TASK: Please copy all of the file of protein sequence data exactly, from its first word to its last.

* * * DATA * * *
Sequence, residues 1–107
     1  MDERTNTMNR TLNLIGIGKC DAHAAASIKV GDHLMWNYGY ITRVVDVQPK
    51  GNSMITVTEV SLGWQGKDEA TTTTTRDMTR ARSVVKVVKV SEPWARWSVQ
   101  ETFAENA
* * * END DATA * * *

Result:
Sequence, residues 1–107
     1  MDERTNTMNR TLNLIGIGKC DAHAAASIKV GDHLMWNYGY ITRVVDVQPK
    51  GNSMITVTEV SLGWQGKDEA TTTTTRDMTR ARSVVKVVKV SEPWARWSVQ
   101  ETFAENA